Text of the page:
Thomas C. Murray, director of innovation at Future Ready Schools, says another problem is that families often bump up against the limits of data plans—especially in an era of extended classroom Zoom sessions.

NSBA's homework gap advocacy

The COVID-19 pandemic has highlighted a long-documented and persistent inequity affecting students who lack adequate broadband access. The homework gap also impacts some of the most vulnerable students such as those with disabilities. As the learning environment for students has shifted from traditional classrooms in school buildings made of bricks and mortar to virtual classrooms, the necessity for each student to have high-quality access to the internet is imperative. With the current crisis dramatically shifting our children’s education to remote and online learning, it has never been more important to address this inequity.

NSBA supports efforts to improve necessary high-speed broadband required for 21st century learning both when students are in school and when they are home. School board members across the nation are joining NSBA in urging the Federal Communications Commission and Congress to focus on ways to improve the overall connectivity and digital infrastructure for all students and to abandon efforts to make connectivity more difficult. Closing the homework gap is a pressing national need that must be addressed so all students can receive an excellent 21st century education.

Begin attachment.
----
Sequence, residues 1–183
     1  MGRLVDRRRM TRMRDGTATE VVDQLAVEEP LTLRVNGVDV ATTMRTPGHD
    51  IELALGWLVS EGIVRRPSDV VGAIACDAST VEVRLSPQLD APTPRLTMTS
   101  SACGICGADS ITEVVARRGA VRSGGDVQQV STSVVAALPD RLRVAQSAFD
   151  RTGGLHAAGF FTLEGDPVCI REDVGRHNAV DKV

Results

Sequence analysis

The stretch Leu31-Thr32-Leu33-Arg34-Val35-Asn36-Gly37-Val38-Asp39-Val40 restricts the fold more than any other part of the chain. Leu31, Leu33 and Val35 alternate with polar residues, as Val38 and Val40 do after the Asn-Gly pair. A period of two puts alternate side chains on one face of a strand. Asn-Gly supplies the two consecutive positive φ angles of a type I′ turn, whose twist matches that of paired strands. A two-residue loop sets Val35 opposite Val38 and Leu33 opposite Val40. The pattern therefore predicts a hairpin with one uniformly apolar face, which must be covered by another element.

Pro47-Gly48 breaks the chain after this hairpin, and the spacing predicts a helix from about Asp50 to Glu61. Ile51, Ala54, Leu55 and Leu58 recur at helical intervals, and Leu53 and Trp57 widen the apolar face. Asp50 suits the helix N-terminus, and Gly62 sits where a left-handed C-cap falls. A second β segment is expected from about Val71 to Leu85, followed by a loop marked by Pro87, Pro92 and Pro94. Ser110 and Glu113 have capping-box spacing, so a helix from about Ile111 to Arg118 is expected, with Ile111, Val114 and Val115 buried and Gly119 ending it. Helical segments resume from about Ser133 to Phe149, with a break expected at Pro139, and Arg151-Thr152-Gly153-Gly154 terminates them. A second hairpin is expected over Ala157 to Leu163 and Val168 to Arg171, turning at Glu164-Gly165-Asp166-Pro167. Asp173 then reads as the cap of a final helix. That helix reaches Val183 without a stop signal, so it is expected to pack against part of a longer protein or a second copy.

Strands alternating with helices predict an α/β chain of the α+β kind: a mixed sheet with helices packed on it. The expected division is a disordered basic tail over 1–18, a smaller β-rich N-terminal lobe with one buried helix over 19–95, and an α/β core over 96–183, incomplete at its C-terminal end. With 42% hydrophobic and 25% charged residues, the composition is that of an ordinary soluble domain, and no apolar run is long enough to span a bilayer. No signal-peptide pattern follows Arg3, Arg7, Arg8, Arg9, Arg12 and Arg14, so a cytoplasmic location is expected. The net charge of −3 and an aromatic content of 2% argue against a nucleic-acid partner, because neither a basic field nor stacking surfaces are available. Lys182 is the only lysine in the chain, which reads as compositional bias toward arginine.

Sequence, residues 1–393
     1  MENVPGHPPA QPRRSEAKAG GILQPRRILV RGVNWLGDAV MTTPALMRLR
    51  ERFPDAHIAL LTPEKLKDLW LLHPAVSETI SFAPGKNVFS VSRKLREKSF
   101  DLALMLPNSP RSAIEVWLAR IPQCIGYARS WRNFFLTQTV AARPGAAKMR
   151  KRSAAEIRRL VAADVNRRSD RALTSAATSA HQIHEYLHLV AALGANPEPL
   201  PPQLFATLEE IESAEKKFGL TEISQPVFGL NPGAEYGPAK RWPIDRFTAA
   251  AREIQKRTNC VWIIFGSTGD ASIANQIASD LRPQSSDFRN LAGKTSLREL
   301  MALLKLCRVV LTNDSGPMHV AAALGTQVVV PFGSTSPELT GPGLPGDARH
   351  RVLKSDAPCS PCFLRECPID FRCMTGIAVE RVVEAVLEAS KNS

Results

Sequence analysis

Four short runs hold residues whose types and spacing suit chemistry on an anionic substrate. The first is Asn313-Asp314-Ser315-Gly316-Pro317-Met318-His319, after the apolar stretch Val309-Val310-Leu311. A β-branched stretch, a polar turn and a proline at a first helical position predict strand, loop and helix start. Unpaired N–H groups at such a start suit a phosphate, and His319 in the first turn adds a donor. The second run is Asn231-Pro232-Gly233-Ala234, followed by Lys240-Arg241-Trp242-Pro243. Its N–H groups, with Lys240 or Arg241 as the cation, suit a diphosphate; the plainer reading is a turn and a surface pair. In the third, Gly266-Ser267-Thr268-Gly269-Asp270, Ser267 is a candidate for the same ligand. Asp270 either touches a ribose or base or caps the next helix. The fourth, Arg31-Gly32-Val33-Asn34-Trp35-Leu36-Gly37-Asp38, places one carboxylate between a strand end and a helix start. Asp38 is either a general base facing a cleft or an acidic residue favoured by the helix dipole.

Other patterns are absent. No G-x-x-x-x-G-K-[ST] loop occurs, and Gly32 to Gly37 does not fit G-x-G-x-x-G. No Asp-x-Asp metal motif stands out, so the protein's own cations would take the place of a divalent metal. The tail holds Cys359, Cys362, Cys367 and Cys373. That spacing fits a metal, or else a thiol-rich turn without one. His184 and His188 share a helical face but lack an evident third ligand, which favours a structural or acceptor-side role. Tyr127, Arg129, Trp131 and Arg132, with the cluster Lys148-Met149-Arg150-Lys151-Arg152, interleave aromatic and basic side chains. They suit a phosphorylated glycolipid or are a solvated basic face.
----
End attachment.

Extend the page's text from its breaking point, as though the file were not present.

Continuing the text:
“If anybody can galvanize communities, we can,” says NSBA Executive Director and CEO Anna Maria Chávez, “but we’re going to need the help of our peers and the federal government and the philanthropic community so that it doesn’t become partisan. It becomes about the kids.”

“You give a kid a hot spot, you assume you’re good for the month—and they’re streaming video all day long,” he says. “That data gets eaten up really, really quickly.”

Murray has consulted with school districts that hand out these devices and find that families consume a month’s worth of data in a week-and-a-half. Also, he says, solutions like this may work better in heavily populated areas than in rural ones: “You can hand a kid a hot spot, but if it’s got no cell signal, it’s a paperweight.”

Yet leveraging broadband connectivity for these families—what he and others call “the last-mile problem”—is a tough sell for school districts hoping to prevail upon cable providers to do the right thing. “No cable provider wants to go lay fiber out to three homes six miles away,” he says. “Nobody’s going to do that.”

Stimulus money coming